The Syncline Trail on the Washington side of the Gorge is a prime spot for mountain biking, and the spectacular views of dramatic cliff faces, the Columbia River and Mt Hood found on the Coyote Wall section also make this one of the area’s best hikes.
The 20-mile trail system has endless options making it a good option for all skill levels, whether you want to do a morning run along the ridge, enjoy a leisurely walk through meadows bursting with wildflowers, or make a day of it by linking up with other trails like the Catherine Creek hike.
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Getting to the Syncline Trail and Coyote Wall
Locals refer to this entire recreation area as Syncline, which is about a five minute drive east of Bingen along Highway 14. Take the turnoff at Courtney Road across from Locke Lake, and there’s a parking area with washroom facilities that also serves as the trailhead.
From there, follow the paved Old Highway 8 to reach the different trail options which include:
- Coyote Wall Loop Trail: 6.8 miles, 1,624 feet elevation *best views
- Old Ranch Road and Little Maui Trail Loop: 3.9 miles, 646 feet elevation
- Little Moab: 0.8 miles, 814 feet elevation
- Labyrinth to Coyote Wall Loop: 6.7 miles, 1,489 feet elevation
Note: Directly across from the parking lot you’ll see a wooden structure with a dirt trail to the right of it. This leads to private land, so to access the Coyote Wall trailhead you’ll need to continue towards the washroom/roundabout where the new pathway begins.
The Coyote Wall hike
Coyote Wall is a massive formation of columnar basalt, which makes it a favorite spot for geologists. This distinguishable feature of the Gorge can also be seen from across the river in Mosier, Oregon, and a diverse population of rare and sensitive plants are found in the area.
To get to Coyote Wall, head up the trail and veer left onto Old Ranch Road which links up with Little Moab. Scramble over rock stairs and keep your head up for mountain bikers tearing down the trail as you make your way to the cliff edge, which has dramatic views looking straight down at winding Courtney Road, Locke Lake and the Columbia River Gorge.
Some choose to turn around here; otherwise, complete the loop by continuing up Coyote Wall Trail to Atwood Road where it loops back, then take Little Maui Trail back down to see a new vantage point of this fantastic Washington hike.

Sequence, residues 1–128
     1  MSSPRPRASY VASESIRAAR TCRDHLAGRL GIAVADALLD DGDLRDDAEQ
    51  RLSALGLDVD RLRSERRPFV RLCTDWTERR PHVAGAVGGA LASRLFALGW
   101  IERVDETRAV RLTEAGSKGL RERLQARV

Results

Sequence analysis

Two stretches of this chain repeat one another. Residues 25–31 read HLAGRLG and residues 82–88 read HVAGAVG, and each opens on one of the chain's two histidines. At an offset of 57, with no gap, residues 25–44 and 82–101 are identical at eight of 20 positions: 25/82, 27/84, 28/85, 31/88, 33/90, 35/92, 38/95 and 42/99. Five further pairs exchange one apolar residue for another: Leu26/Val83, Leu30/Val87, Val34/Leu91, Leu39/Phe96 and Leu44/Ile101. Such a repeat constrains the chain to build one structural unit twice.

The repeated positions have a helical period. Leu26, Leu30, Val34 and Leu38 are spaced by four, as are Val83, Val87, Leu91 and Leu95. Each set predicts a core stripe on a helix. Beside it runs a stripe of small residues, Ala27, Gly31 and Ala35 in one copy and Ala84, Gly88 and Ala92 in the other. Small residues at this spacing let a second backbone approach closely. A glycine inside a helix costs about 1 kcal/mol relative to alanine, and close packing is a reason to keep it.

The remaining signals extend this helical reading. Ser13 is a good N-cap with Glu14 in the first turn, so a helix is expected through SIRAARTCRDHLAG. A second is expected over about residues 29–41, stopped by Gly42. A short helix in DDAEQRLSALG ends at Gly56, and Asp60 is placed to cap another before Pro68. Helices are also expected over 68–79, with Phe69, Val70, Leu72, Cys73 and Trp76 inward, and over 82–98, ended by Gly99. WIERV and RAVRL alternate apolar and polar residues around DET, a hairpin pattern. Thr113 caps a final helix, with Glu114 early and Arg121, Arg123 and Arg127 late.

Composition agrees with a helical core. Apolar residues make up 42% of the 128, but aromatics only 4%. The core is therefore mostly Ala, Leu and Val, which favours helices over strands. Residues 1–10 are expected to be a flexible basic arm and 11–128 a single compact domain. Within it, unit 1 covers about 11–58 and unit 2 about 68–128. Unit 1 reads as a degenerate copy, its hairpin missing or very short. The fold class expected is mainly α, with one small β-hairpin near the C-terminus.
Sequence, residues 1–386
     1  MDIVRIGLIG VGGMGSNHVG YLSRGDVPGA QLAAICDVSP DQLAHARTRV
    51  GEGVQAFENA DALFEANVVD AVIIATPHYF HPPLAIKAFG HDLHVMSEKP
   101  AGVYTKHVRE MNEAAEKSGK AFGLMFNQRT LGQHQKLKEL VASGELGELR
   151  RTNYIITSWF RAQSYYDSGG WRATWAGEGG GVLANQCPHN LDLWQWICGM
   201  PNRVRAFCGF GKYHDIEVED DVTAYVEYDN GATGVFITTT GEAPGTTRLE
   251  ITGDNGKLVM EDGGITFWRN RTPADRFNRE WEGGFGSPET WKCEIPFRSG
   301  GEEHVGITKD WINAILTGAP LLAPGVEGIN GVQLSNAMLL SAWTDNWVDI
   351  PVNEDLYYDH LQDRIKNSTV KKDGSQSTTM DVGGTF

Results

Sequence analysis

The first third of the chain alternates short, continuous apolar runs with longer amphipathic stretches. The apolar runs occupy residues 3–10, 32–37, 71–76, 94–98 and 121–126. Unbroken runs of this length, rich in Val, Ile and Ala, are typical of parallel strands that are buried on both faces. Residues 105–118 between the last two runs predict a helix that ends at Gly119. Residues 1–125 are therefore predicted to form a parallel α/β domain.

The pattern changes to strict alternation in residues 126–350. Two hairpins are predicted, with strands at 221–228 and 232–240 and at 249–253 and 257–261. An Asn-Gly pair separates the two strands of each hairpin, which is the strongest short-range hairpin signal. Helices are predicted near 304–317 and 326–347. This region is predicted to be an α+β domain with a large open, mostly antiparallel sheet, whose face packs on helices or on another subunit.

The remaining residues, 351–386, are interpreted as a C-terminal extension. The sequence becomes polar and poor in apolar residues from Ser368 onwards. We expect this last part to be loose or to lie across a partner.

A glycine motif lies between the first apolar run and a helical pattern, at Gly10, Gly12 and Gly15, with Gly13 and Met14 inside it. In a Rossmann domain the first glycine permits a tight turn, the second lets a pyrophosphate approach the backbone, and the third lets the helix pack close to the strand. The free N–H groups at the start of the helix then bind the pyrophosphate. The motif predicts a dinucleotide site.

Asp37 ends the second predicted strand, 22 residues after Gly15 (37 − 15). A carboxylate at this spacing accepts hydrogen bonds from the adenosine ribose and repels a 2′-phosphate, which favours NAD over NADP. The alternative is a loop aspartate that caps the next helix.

Tip: Short on time but want the view? Take the Old Ranch Road trail over to Little Moab which will take you straight up to Coyote Wall without doing the full loop. This out-and-back option is about 2.5 miles round trip, and takes about 45 minutes.
The Old Ranch Road and Little Maui Trail Loop
While this hike doesn’t have the wow factor of peering straight down Coyote Wall, it still has sweeping views of the Gorge with the bonus of a few additional waterfalls and streams.
Since it’s a loop you can either head to the right to start on Little Maui, or veer left to start on Old Ranch Road (which is closer to Coyote Wall). Those who start on Little Maui along the east side of Syncline are treated to great views of Mt Hood, wildflowers and stream crossings along a series of switchbacks.
The path eventually loops back to meet up with Old Ranch Road, and you’ll enjoy sweeping Gorge views on the way back down.
Note: This hike won’t get you over to Coyote Wall, so if you want that view you’ll need to link up with the Little Moab trail as you’re heading back down Old Ranch Road.
Tips for hiking Coyote Wall
- Dogs are permitted, but must be on a leash from December 1 to June 30 to protect nesting birds.
- Watch out for ticks, rattlesnakes and poison oak along the trail.
- As this is primarily a mountain bike trail, hikers should give cyclists the right of way by stepping off the side of the path as they approach.
- Spring is one of the best times to visit when the wildflowers are in bloom, and it’s also a good option for an off-season winter hike (though the trail can get quite muddy).
YOU MIGHT ALSO ENJOY:
- Why Mitchell Point trail is one of the best Hood River hikes
- Hiking the incredible Hamilton Mountain Trail in Washington
- The scenic Rowena Crest viewpoint in Oregon’s Columbia Gorge
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Tamara Elliott is the travel editor and founder of The Gorge Guide, which highlights the best experiences in the Columbia River Gorge. She’s an award-winning writer based in Hood River, Oregon, who particularly loves the area wineries and waterfall hikes. Tamara is also the founder of Globe Guide, which offers savvy tips for exploring destinations around the world.